WILSON - Having completed his tour of Wilson County high school football coaching jobs, Tom Nelson might be home at last.
The Hunt High graduate (Class of 1989) and former Beddingfield High head coach officially became the 13th varsity football head coach at Fike High on Monday. Nelson, who has spent the past five seasons as North Johnston's head coach, returns to the school where he began high school as a freshman in the fall of 1985. His third head coaching job, he hopes, will be his last.
"If they will keep me, this is going to be my last move," Nelson declared in a telephone interview Thursday afternoon. "This one is about our family. My wife works in Wilson, my kids play soccer in Wilson, we spend all of out time in Wilson. It's all about coming back to Wilson."
Nelson and his wife, Emily, are the parents of three daughters: Reily, age 11; Reece Ann, 9, and Reagan, 5.
He was an assistant coach at Hunt, where he starred as a player, for five years before becoming Beddingfield's head coach. But those past associations are just that for the new Golden Demons leader.
"Once you get into a place and get to know the kids and work hard together, that becomes your focus," Nelson stated. "It's not about where you were or any of that, it's about getting your team prepared to play well."
UNDERSTANDS FIKE TRADITION
He takes over at Fike for Kim Brown, who was not retained after two seasons. Nelson will continue to teach history at North Johnston, which he will also teach at Fike, for the rest of the school year but will come to Fike to teach the after-school weight-lifting class beginning in mid-February.
"We're just excited to have someone like Tom," said Fike Principal Steve Ellis. "Especially a coach who has a proven record of winning, someone who's good with kids and probably what we need about now.
"He's got Wilson roots, he knows the community and the tradition at Fike."
Ellis said he pointed out to Nelson the Fike program wasn't dead and there is a lot of support for Demons football. Fike won three consecutive state 4-A championships from 1967-69 and still carries name recognition throughout the state.
"We're a little different from the other schools," said Ellis, who played quarterback at Fike in the 1980s. "You see those banners and football's what we were known for."
"I am so excited," Nelson said. "Really when you look at places in the whole state, there's not many that have the history and tradition that Fike has."
Nelson went 32-21 in four years with the Bruins and 33-28 in five seasons at North Johnston for a career mark of 65-49. Only one of his teams failed to make the postseason. Nelson understands the pressure to succeed might be greater at Fike than at North Johnston, where he guided the Panthers to the second-best record (9-3) in school history last fall. Fike has gone 2-9 each of the last two seasons and has yet to win a game against 3-A Big East Conference opponents.
"I'm excited about it," said Nelson, who graduated from and played football at Lees-McRae College. "I have a good grasp on things that have gone on there in the past and am looking very much forward to getting that turned around. We're going to go in there and work hard everyday."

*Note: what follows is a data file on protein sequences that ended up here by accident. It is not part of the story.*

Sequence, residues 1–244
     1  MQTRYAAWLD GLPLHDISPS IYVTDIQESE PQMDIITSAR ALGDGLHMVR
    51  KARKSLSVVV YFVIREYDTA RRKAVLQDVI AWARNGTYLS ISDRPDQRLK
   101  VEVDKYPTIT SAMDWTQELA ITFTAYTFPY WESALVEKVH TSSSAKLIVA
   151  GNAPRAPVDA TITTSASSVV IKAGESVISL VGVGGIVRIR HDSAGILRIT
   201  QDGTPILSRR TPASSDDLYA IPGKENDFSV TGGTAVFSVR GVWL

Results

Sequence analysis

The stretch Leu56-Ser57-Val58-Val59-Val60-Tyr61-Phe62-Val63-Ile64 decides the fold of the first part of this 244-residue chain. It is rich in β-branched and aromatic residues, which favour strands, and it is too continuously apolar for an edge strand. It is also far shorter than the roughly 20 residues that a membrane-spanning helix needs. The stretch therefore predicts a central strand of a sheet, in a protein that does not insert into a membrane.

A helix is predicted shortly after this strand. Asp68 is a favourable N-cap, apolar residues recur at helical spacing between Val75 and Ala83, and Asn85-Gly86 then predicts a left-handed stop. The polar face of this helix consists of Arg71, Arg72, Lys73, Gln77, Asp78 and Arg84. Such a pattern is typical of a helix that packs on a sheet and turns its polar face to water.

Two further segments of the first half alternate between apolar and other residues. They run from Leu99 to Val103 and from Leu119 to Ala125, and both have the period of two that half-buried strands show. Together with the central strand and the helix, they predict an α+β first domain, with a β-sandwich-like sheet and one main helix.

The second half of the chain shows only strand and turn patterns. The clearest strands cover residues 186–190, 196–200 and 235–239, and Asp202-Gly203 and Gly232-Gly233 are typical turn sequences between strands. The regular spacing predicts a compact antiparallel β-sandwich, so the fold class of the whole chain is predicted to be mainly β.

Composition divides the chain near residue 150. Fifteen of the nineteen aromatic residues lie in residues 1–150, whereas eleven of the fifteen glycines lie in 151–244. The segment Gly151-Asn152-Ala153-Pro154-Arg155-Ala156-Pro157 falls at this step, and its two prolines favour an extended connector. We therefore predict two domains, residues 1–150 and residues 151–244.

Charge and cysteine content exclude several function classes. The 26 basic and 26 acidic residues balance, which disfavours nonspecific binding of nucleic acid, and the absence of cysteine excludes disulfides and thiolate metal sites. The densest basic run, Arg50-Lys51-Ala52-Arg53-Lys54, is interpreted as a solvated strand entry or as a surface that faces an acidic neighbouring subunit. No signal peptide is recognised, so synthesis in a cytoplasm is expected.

But leaving North Johnston wasn't easy, he said.
"It was a terribly hard decision," Nelson said. "I was telling my kids (at North Johnston) that ever since I've been a head coach, the group I've been closest to was the 2005 team at Beddingfield because we grew up together. But this group at North Johnston, we are very close."
It wasn't easy for North Johnston to get the news either.
"Obviously there's no doubt we're sad to lose him," said North Johnston Principal Tim Harrell. "Not only did he do an excellent job on the athletic field, but Wilson Fike is getting an outstanding history teacher because he works very, very hard in the classroom and he takes as much pride with his kids in the classroom as he does on the football field.
"But I understand, like anybody does, in this day and time you've got to do what's best for your family."
Harrell also praised Nelson's commitment to North Johnston.
"One thing he wanted to do was make sure North Johnston was left in the best possible position it could be, both with the football team and in the class room," Harrell said.
Nelson's Beddingfield teams were known for their high-powered spread offenses. His 2004 team, featuring all-state quarterback Bennett Johnson, accumulated nearly 4,000 passing yards. But Nelson cautions that he's not married to the passing game. Most of his Panthers teams were run-oriented.
"That has become the perception since I was at Beddingfield, but the reality is: I like to win," he said. "And we're going to do whatever it takes to win."
One thing Nelson said he plans to bring with him to Fike is the up-tempo, no-huddle offense that he ran successfully at North Johnston.
I think it's going to be exciting for the kids. We're going to try to build on that," he said.
With a statewide hiring freeze in place, Nelson might not be able to bring any of his North Johnston staff to Fike but he already is well-acquainted with most of the Demons assistant coaches.
"When you bring in someone like Tom, first you've got someone with credibility and then you've got someone who's familiar with all the coaches here. He knows he's going to have a quality staff here," Ellis said. "I don't think we could've done this with someone nobody knew."
Nelson's eager to meet with his new players, which he will do next week, and let them know what he has planned for Fike football.
"I'm going to try to meet with as many kids as possible to tell them what we're going to be about," he said. "I want every kid at Fike High School who dreams of playing football and being part of something special to come out and be a part of what we're going to be doing."
(My thanks to Wilson Times sports editor Paul Durham for allowing me to reprint this article.)